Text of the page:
The editor of the British Medical Journal has asked the New York Times to correct an article that says UK guidelines allow two Covid-19 vaccines to be mixed.
The US publication reported that UK health officials would allow patients to be given a second dose that is a different vaccine to their first.
Fiona Godlee pointed out in her letter to the NYT that it was not a recommendation.
She said the NYT's headline claiming UK guidelines say such substitutions "may happen" was "seriously misleading".
The UK has approved the Pfizer-BioNTech vaccine and the Oxford-AstraZeneca jab - but both require two doses which are now to be administered 12 weeks apart
Ms Godlee said the Joint Committee on Vaccination and Immunisation (JCVI) does not make any recommendation to mix and match - in other words, having a shot of one vaccine and then a different one 12 weeks later.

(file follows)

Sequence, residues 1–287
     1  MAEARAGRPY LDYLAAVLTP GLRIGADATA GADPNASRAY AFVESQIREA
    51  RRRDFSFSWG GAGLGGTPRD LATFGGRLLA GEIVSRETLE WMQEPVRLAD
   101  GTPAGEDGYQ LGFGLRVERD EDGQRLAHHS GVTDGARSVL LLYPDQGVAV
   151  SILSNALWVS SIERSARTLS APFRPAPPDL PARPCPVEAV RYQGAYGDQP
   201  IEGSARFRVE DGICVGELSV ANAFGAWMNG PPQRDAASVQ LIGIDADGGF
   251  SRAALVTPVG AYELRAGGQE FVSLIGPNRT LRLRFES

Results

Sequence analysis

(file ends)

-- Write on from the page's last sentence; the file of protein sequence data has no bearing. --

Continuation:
Dr Mary Ramsay, Public Health England's head of immunisations, said: "We do not recommend mixing the Covid-19 vaccines - if your first dose is the Pfizer vaccine you should not be given the AstraZeneca vaccine for your second dose and vice versa."
Dr Ramsay added that on the "extremely rare occasions" where the same vaccine is unavailable or it is unknown which jab the patient received, it is "better to give a second dose of another vaccine than not at all".
Ms Godlee urged the New York Times to print a "highly visible correction" as soon as possible.
Meanwhile, health staff have criticised the paperwork needed to gain NHS approval to give the coronavirus vaccine, with some medics being asked for proof they are trained in areas such as preventing radicalisation.
The first doses of the Oxford-AstraZeneca vaccine are due to be given on Monday after the jab was approved for use in the UK last week.
The Pfizer-BioNTech vaccine was the first vaccine approved in the UK, and 944,539 people have had their first jab.